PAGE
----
Thai Soldier Kills 29 in Rampage Before Being Fatally Shot

NAKHON RATCHASIMA, Thailand—A soldier angry over a property deal gone sour killed at least 29 people and wounded 57 in a rampage that spanned four locations in and around the northeastern Thai city of Nakhon Ratchasima before he was shot dead early Sunday.

Most of the victims were at the citys Terminal 21 shopping center, where the shooter held out against an overnight siege with an assault rifle and ammunition stolen from his army base.

Police named him as 32-year-old soldier Jakrapanth Thomma. He initially posted written messages on Facebook during the attack before his account was shut down by the company.

“It was a personal conflict…over a house deal,” Prime Minister Prayuth Chan-ocha told reporters on Sunday from Nakhon Ratchasima after traveling there to meet wounded survivors.

Prayuth added that the conflict was with a relative of the soldiers commanding officer.

Thailand mass shooting
Thailand mass shooting
An image of a suspect Jakrapanth Thomma on a wanted poster, after a mass shooting in the city of Nakhon Ratchasima, in a document released by the Thai Crime Suppression Bureau in Thailand on Feb. 8, 2020. (Thai Crime Suppression Bureau/Handout via Reuters)

Hundreds of shoppers fled the mall in groups crouching low, and the police and army launched several rescues during the more than 12-hour standoff, with armed forces at one point emerging at a run carrying small children.

“It was frightening because I could hear the occasional gunshot…we waited a long time for the police to come and help us, many hours,” said Suvanarat Jirattanasakul, 27, her voice trembling.

Another survivor told local Amarin TV that the shooter was “aiming for the heads” and said his colleague died on the scene.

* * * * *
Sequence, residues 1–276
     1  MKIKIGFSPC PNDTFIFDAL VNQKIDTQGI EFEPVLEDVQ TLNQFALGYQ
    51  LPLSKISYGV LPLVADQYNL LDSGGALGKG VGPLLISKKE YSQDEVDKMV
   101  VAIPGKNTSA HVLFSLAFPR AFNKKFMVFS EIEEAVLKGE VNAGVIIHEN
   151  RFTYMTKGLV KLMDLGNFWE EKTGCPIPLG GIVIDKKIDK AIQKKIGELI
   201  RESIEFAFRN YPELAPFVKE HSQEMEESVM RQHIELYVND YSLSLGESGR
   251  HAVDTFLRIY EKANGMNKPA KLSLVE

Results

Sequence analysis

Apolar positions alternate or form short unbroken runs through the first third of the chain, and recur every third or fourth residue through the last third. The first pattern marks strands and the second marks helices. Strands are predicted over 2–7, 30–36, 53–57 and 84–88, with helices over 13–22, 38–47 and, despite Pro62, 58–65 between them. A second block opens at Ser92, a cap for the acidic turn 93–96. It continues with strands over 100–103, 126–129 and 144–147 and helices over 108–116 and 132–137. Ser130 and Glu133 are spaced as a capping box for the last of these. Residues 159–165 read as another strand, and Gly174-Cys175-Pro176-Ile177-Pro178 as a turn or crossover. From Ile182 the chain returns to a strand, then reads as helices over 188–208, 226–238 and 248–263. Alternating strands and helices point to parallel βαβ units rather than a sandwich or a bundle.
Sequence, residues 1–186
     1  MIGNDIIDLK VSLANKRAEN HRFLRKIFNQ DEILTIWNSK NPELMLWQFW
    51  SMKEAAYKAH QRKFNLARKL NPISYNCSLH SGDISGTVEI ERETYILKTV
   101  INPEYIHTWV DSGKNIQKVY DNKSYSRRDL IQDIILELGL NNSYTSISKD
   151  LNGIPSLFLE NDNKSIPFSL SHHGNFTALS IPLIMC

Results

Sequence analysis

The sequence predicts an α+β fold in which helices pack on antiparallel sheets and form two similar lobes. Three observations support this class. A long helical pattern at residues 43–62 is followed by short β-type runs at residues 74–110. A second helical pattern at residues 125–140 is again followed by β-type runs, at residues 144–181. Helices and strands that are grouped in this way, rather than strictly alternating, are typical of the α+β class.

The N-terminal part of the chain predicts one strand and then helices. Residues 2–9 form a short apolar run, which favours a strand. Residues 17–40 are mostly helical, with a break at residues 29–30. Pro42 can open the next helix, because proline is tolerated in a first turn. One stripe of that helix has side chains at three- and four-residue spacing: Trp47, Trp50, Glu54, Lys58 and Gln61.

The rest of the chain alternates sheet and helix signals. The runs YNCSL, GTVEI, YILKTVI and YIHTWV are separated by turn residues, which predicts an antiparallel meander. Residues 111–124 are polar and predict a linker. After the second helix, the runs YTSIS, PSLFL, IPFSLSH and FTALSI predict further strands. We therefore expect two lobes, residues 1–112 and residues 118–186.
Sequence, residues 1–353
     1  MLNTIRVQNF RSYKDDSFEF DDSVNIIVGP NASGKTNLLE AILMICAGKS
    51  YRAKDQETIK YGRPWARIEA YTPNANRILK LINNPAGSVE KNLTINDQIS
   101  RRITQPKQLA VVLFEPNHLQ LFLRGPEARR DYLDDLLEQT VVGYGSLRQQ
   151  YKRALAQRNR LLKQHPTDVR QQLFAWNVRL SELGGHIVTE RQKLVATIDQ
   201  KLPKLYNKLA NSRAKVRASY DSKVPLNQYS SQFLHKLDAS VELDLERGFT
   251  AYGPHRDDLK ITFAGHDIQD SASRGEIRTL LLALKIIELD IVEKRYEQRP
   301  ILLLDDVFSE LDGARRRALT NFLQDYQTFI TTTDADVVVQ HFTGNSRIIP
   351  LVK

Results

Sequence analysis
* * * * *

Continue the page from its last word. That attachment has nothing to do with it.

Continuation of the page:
“He was shooting everywhere and his shots were very precise,” said the man, identified as “Diaw”.

Thailand mass shooting
Thailand mass shooting
Thai security forces evacuate people who were stranded inside the Terminal 21 shopping mall following a gun battle, to try to stop a soldier on a rampage after a mass shooting, Nakhon Ratchasima, Thailand, on Feb. 9, 2020. (Athit Perawongmetha/Reuters

At a morgue in Nakhon Ratchasima, the family of 13-year-old Ratchanon Karnchanamethee sobbed as they identified his body.

“Hes my only son. He hasnt even had dinner,” said his father, Natthawut Karnchanamethee. “I allowed him to do anything he wanted to. I never set expectations for him. I only wanted him to be a good person.”

The provinces governor, Wichien Chantaranochai, on Sunday night said a total of 29 people had been killed and 57 were wounded.

Also known by the historical name Korat, Nakhon Ratchasima has a population of about 250,000. It is close to a national park popular for its wild elephants but the relatively poor northeastern region is one of the less visited areas for Thailands tens of millions of tourists.

Stolen Arsenal

CCTV footage from inside the mall posted on social media showed the gunman dressed in black and wearing a mask, his gun slung over his shoulder with no sign of other people around.

According to local media, Jakrapanth worked at an army base close to Nakhon Ratchasima, which is about 250 km (155 miles) from the capital Bangkok.

He was a sharp shooter and took many special courses on carrying out attacks, including planning ambushes, army sources said. Thai media reported he often posted photos of weapons on social media.

The killings began at around 3 p.m. (0800 GMT) on Saturday when the soldier opened fire in a house before moving to an army camp and then driving to the mall in a stolen Humvee.

Thailand security forces enter in a shopping mall as they chase a shooter hidden in after a mass shooting in front of the Terminal 21, in Nakhon Ratchasima
Thailand security forces enter in a shopping mall as they chase a shooter hidden in after a mass shooting in front of the Terminal 21, in Nakhon Ratchasima
Thailand security forces enter in a shopping mall as they chase a shooter hidden in after a mass shooting in front of the Terminal 21, in Nakhon Ratchasima, Thailand, on Feb 9, 2020. (Athit Perawongmetha/Reuters)

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